Thanks for all of your prayers and thoughts,
Brian
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Unread 05-19-2004, 06:49 PM   #245
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Brian I'm so happy to hear that Heather's back home. That's helluva Bday present Happy Bday BTW...
I'm sure Heather's miracolous improvements will continue, and she fully recovers soon...
and foogget'bout those pessimistic docs
-sorry NeXXo it goes only to those pessimistic docs

Hugs and kisses to the whole family
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Unread 05-19-2004, 07:20 PM   #246
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Thanks Bruce!

This last Monday, she had an evaluation at a place called PRA (Progressive Rehabilitation Associates) where they spent all day running tests. Boy, that was intense! All kinds of stuff that you or I would say is simple (such as balance, word association, executive function (like planning a trip), remembering faces or instructions, etc..) had her exhausted by the end of the day. She was so tired that she threw up in the final interview! Thankfully, the MD (a physiatrist) was understanding and helped us clean up. I hope she can get into this program, but who knows? It's expensive and intensive, but I think it might help her out quite a bit more than the twice-weekly outpatient visits.

One other thing that I re-experienced there: other people have had it a LOT worse than Heather and I. It's amazing what some of those people have actually survived! One guy was driving a big cat (earth moving machine) and it fell backwards off of a cliff. His eye popped out, his skull was crushed in the front, and other "minor" injuries were inflicted. Another person fell 500 feet from a scaffold and had similarly bad injuries.

Heather is up, walking and talking and able to be evaluated by this program in only three months. These guys are just now being able to get to that level and they've been recovering for 2-3 years! Losing chunks of your brain does that to you.
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Unread 05-19-2004, 10:15 PM   #247
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I just got done perusing through this thread...how horrible for you, and especially your sweetie Heather to have to deal with this!

The only experience I have had with a family member that remotely compares to this is from about seven years ago. My mother had a tooth infection, and hating dentists as she did, decided just to deal with the pain and not clue people in about her condition. Strange? Yes. But my mother is a unique person...

Well, my mom paid for her obstinance, the infection didn't go away, it went "septic" which means (as I was soon to learn) that the infection penetrated her bloodstream, through the root of her infected tooth in this instance. I also learned that is very bad, to say the least. My dad just happened to notice that my mom stopped breathing while they were watching TV and my mom had seemingly dozed off. He took her to the hospital thank God, and O2 deprivation from that "downtime" left my Mom in a coma for eleven days.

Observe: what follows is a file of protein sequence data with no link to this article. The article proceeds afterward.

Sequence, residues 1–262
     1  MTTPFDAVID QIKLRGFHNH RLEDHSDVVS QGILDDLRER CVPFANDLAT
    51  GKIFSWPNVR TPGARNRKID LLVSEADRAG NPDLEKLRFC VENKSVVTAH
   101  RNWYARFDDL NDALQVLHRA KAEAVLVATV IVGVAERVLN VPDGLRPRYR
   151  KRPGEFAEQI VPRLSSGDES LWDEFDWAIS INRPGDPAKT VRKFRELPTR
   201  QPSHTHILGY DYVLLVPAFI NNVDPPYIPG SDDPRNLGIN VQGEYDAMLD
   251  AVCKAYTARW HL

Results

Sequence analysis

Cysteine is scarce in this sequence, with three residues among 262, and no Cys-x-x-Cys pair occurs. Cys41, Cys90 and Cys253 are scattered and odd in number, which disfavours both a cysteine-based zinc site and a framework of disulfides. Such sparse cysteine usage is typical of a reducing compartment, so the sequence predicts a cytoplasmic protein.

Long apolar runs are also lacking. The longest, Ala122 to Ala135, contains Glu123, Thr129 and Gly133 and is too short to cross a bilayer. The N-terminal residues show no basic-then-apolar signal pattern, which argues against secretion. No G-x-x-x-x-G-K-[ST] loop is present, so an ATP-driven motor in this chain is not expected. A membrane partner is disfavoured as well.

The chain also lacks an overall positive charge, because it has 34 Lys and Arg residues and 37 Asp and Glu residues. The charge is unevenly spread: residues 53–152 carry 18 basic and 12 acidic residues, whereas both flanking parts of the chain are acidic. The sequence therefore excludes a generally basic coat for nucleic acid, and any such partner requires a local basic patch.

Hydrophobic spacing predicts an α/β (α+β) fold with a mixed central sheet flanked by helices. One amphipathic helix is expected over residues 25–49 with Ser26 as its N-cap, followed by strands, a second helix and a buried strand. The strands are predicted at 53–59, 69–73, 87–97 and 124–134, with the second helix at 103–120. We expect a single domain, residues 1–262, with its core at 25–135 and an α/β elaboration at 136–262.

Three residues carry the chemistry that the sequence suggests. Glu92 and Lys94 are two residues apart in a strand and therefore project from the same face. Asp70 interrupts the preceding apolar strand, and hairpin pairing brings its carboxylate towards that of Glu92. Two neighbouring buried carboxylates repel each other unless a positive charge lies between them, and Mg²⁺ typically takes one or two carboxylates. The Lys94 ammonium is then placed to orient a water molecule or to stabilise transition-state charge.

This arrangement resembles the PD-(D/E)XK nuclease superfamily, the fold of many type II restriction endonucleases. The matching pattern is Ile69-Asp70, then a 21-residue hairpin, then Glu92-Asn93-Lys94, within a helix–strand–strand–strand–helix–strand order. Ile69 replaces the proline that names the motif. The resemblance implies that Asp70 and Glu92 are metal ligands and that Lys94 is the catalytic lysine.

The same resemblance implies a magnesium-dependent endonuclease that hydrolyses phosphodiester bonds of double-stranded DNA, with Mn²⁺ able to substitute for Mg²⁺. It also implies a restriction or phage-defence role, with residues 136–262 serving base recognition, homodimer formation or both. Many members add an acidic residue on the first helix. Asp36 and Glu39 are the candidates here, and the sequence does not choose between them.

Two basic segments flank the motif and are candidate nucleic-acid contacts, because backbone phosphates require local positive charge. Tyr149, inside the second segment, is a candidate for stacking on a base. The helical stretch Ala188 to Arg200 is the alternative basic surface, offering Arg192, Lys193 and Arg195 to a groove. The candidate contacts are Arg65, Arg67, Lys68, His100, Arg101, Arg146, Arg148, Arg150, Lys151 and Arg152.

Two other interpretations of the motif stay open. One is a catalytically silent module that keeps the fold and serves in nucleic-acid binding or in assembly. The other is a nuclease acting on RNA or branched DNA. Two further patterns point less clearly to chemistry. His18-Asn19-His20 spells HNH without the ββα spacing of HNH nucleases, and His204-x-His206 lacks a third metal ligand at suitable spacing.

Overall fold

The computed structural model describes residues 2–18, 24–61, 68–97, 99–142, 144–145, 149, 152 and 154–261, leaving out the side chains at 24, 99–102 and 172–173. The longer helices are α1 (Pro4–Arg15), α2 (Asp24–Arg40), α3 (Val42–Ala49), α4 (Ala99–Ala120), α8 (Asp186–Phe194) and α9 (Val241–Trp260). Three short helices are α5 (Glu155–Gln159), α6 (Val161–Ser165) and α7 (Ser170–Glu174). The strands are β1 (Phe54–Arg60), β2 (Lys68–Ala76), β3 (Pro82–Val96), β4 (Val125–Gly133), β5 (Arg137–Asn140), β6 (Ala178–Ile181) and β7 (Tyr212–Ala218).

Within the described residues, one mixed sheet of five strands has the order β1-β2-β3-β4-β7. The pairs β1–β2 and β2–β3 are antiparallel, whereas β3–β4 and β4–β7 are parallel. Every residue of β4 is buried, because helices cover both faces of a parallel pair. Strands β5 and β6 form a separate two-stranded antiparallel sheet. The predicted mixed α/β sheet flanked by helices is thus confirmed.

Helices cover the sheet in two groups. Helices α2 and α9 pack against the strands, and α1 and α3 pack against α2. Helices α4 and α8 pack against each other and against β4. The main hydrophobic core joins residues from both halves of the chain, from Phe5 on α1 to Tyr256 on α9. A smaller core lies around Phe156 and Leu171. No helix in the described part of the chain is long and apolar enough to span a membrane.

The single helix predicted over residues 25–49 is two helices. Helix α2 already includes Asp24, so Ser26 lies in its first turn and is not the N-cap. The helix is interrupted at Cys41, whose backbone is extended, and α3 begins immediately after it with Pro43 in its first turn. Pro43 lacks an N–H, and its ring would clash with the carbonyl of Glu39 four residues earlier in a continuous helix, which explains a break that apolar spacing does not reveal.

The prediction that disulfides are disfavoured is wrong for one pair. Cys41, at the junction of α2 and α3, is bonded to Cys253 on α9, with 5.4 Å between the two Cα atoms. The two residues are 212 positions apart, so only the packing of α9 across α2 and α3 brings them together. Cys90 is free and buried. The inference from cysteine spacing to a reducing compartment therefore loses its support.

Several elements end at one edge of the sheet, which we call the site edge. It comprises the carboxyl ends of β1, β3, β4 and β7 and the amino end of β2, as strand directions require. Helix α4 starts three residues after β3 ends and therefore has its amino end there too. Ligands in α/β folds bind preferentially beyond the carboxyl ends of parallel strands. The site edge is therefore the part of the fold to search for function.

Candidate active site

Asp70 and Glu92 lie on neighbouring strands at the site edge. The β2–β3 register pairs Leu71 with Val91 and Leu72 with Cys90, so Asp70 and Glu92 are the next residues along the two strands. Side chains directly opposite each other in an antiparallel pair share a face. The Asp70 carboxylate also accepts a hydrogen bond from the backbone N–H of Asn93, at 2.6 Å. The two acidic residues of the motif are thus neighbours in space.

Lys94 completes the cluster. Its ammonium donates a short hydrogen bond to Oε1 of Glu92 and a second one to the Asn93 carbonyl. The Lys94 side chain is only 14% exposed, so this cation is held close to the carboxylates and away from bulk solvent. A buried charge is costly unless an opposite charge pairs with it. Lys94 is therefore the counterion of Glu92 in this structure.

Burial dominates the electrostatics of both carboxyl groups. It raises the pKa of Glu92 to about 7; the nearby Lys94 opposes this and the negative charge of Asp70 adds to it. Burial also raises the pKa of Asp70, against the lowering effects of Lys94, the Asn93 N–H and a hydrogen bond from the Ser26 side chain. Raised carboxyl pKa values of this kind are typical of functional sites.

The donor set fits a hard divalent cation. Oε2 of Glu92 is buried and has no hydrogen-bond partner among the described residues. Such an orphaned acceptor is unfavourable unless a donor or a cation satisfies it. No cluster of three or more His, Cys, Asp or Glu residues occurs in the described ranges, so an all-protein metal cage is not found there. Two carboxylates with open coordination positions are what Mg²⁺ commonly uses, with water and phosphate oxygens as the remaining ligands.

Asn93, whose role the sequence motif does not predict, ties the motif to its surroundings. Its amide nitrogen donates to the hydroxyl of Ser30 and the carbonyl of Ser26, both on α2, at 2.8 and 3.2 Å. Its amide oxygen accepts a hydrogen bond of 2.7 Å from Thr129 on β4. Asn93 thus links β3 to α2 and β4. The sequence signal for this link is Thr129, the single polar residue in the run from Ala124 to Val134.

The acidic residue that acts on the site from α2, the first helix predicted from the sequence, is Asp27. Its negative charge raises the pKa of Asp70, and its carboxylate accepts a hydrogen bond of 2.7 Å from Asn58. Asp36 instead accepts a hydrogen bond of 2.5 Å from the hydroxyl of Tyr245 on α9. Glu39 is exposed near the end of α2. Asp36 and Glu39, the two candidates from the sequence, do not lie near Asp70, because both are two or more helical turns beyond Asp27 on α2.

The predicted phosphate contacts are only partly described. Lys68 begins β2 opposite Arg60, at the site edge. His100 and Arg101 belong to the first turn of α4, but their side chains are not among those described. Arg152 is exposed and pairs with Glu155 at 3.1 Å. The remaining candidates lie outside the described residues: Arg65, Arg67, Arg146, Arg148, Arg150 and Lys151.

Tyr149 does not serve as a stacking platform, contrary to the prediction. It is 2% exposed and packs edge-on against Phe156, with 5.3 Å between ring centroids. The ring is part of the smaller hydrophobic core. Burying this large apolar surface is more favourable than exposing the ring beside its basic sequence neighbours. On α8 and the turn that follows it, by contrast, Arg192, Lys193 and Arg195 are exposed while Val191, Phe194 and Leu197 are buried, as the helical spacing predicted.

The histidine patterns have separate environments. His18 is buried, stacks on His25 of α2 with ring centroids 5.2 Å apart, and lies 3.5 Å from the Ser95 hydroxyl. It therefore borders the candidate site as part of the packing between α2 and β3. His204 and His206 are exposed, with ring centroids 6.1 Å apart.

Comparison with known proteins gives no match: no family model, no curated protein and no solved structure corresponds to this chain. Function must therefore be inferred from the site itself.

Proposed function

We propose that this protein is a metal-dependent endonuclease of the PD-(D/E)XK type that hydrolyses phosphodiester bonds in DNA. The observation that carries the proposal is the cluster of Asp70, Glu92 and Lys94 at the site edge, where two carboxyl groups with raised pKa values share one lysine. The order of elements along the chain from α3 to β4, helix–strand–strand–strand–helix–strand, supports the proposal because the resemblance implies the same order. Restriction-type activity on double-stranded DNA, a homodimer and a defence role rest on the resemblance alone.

Seeing her in the hospital sucked. She was on a ventilator, and after she woke up, for another week and a half or so no one was "home." Metaphorically you could say the lights were on, TV, dishwasher running...but no one home so to speak. Just a blank stare into nothingness...we or the doctors didn't know how much of mom would "come back" after this. It really is a lottery I learned with recovery from injuries or damage to the brain. Every case is unique, and strange in its own way.

She did come back mostly, but now she's little bit slower, a little bit more "off," I don't know how to describe it. And now she is on a O2 bottle most of the time. But I am glad she is alive, she is my mother, she has been a awesome mom, and I love her dearly (sniff, sniff... ). I would much rather have her around being a little "off" than not at all! I am very lucky to not be telling this story with a much darker end. But from that experience, I think I can empthasize with your feelings about what your dealing with Brian256, but not your burden.

My dad can take care of my mom. He is a great companion for her, and he dearly loves her. As much as I hate to admit, it kinda lets me off the hook to go do my own thing, such as dwell on something that in comparison is so trivial, like how to shave 3C off my processor's temperature.

You don't have that option...three kids to feed and a fourth one thats newborn, which really means three MORE kids as far as labor to raise, a job, those Devil Spawned medical bills...and this site!? I don't know how you do it man! PROPS!
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Unread 05-30-2004, 04:58 PM   #248
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I don't know who you are but I do know that you are a father so I say congrats. It is the most wonderful thing that can happen to a person. It can be tuff sometimes but just remember that you can never take back words and you can never have the day back so make the most of them. The wonderful days of childhood will disappear quicker then the days of your life. May God bless you family and give you patience!

Edit: I just read more of this thread and realized that there were some complications with your wife. My prayers are with your family. Just remember that doctors don't know it all and that even the most dark of times can be overcome. I pray your wife recovers 100%.

Last edited by psychofunk; 05-30-2004 at 05:05 PM.
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Unread 06-24-2004, 12:55 PM   #249
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Hi Brian - We're still praying. Any updates?

Colin
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Unread 06-25-2004, 11:36 AM   #250
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Well, not much change from the last update. Heather is still healthy and has had no more strokes, which is good. She is getting stronger and having more endurance, so she isn't sleeping as much during the day.

She had an MRI last Friday, which showed that the damage from the strokes is healing. But we still have a long way to go. Please pray that these things would improve: strength, endurance, memory, ability to act without being told, and her ability to have emotions.

Right now, we are all sharing the stomach flu, but at least that goes away quickly.